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March 23, 2011 - 11:39am

Statement by Matthew Peterson at Pembroke Central School District meeting, March 22, 2010

posted by Howard B. Owens in pembroke.

Statement by Matthew Peterson at Pembroke Central School District meeting, March 22, 2010

Dear esteemed Members of the Pembroke Board of Education:

I feel compelled to briefly express the thoughts of the “silent majority” of community members who greatly oppose the actions and the intent of the group of soccer advocates speaking to the Board of Education on March 22nd.   Having lived in the Pembroke community my whole life, I am deeply connected to the past, present and future issues concerning the Pembroke school district.  Let me also assert that I am writing this letter, NOT as a football coach and NOT as a teacher, but within my role as concerned parent, resident and alumnus.

First, I reject some of the tactics used to bring this issue to light.  I am referring specifically about the recent “announcement” sent home from school with students to encourage people to attend tonight’s Board of Education meeting to “support soccer.”  Students should not be receiving soccer propaganda at school, yet my elementary aged children brought home from school such a message last week.  Although I’m unsure as to the extent to which school resources were used to produce and distribute the propaganda, I am certain in my conviction that the forum to deliver the message was inappropriate.  I always assumed that the “take home folder” at the elementary grade levels was used to foster parent-teacher communication and was used for primarily academic purposes, not to further a specific social agenda for a small minority of residents.   Many community members have since expressed the notion that using innocent kids as pawns in a strategic manipulative way to falsely portray solidarity is wrong, and should be condemned  at tonight’s meeting.  I agree.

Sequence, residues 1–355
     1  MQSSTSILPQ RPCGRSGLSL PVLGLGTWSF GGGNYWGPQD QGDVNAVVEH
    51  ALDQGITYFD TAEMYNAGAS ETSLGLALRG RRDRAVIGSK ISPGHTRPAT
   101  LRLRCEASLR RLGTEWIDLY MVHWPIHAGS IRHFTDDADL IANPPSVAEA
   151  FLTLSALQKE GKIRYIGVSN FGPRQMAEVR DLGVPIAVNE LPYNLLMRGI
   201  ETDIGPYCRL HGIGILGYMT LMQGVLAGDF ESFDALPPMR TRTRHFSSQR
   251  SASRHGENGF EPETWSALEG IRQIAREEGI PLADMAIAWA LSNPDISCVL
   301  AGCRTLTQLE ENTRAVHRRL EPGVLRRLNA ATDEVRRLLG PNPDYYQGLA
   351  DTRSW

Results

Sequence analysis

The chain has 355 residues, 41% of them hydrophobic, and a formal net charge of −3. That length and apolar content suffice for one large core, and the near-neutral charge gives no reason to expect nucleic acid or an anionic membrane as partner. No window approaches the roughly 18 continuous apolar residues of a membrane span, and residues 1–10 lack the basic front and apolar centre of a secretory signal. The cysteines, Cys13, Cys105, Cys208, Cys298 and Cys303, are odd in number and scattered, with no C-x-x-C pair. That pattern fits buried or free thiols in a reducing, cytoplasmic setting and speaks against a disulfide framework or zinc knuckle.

I also wish to express the opinions of the thousands of concerned and unpretentious residents of this community who chose NOT to provoke others to bias the democratic decision making here at Pembroke with an intimidating show of force.   I simply wish to have this statement read aloud to illustrate on record that many others disagree with both the means and the ends of adding an additional fall boy’s sports program, and I choose to do so without the media hoopla and disruptions that surely accompany the throngs of people incited to be here tonight.